On Saturday February 19th, WSFL travelled to the marker in Eureka chosen to honor those lost in the B-52 Nuclear Mishap, which was erected by the North Carolina Office of Archives and history in 2012. The Marker is at the intersection of West Main St. & North Church St.
According to The Historical Maker Database, “The plane that crashed in rural Wayne County, ten miles northeast of Seymour Johnson Air Force Base… was a B-52G Stratofortress Bomber. Internal structural damage had begun inside the right wing during refueling over South Carolina three hours earlier… it was attempting to land at Seymour Johnson. During preparation for landing, major structural failure of the right wing occurred immediately after which the aircraft broke up and exploded at 8,000 feet. Three members of the eight-man crew were killed.”
Two MK39 nuclear weapons were released; only one had its parachute deployed. The second bomb broke apart on impact, and after the search for the remaining components was called off, the decision was made to leave them behind. This included parts of the bomb still containing uranium. Groundwater tests of the area are still conducted to this day.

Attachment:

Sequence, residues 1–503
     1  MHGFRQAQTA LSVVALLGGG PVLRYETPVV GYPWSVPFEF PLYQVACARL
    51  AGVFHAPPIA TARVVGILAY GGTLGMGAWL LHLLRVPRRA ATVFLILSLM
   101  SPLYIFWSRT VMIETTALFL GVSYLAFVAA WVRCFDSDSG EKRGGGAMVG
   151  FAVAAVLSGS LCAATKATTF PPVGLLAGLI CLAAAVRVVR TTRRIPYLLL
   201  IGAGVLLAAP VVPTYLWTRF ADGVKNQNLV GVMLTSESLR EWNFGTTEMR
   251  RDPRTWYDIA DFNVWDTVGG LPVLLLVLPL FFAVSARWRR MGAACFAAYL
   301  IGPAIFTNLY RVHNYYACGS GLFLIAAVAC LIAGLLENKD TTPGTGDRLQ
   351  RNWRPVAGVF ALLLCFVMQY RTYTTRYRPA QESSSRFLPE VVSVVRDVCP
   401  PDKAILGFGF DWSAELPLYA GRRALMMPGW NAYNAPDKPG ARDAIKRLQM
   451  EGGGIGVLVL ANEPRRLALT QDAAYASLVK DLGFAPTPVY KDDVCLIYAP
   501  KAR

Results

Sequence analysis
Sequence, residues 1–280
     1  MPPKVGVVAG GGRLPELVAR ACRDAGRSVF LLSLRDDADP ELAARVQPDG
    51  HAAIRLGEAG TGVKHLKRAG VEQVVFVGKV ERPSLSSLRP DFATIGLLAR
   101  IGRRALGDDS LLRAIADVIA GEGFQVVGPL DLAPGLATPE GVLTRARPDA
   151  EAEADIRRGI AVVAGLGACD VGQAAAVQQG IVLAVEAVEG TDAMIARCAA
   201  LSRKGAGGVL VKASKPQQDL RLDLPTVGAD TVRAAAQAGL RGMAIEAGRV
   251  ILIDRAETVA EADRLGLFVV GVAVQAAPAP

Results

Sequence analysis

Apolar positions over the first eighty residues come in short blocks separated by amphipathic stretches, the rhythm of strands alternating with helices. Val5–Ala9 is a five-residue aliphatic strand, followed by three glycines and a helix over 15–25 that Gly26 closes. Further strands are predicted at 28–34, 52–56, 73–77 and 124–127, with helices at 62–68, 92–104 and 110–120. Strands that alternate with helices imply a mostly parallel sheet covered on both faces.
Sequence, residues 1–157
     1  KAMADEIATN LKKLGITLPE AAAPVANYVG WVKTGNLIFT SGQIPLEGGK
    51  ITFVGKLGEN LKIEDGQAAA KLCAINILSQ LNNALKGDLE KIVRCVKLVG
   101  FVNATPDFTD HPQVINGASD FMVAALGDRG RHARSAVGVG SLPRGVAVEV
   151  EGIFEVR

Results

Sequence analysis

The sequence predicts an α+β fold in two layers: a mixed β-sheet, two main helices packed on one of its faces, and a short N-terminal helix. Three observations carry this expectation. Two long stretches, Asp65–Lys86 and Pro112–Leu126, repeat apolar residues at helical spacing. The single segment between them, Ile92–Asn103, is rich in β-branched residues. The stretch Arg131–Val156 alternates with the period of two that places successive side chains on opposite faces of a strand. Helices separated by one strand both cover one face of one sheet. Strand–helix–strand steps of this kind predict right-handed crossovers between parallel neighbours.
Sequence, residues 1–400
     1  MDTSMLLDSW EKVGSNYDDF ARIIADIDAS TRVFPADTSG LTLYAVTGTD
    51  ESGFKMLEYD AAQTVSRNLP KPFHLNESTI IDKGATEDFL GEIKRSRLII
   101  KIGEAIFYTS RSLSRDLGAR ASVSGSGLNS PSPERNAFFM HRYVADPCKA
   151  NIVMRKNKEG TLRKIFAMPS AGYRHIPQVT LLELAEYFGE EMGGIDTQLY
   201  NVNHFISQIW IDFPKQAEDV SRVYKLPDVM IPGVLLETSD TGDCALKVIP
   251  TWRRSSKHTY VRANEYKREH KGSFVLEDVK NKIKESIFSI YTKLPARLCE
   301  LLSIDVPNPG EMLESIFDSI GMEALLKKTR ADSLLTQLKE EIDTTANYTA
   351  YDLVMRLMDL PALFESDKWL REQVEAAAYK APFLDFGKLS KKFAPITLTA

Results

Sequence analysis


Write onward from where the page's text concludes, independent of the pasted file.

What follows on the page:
So we trekked out to see what the locals could tell us about living so close to unrecovered nuclear material, as the marker is located some three miles north of the crash. Many folks at the Eureka Mini Mart, the intersection’s only gas station and convenience store, said they knew where the site was located but where clearly standoff-ish about saying exactly where. None wanted to be photographed.
We then walked across to the Post Office & City Hall. I asked a gentleman getting mail from his PO Box if he new anything about the bomb… he said he wasn’t comfortable discussing it… the Town Manager might, but she had just left. Once again, no photographs please.
One other landmarks of note is BJ’s Café of Eureka. They’re world famous for their chicken salad, among other things. Alas, they’re only open until 2pm, and it was already past closing time. One guy told me people come from all around for the ribeye steak sandwich, sausage and peppers, and whatever else is on the chalkboard that day.
Seeing all the structures seemingly frozen in time at this intersection alone, it’s understandable people seek this spot out, and why the people who live there are so guarded about it. It is also apparent that folks in Eureka were luckier than they realized that fateful night in January 1961, where they narrowly missed becoming a tragic part of cold war history.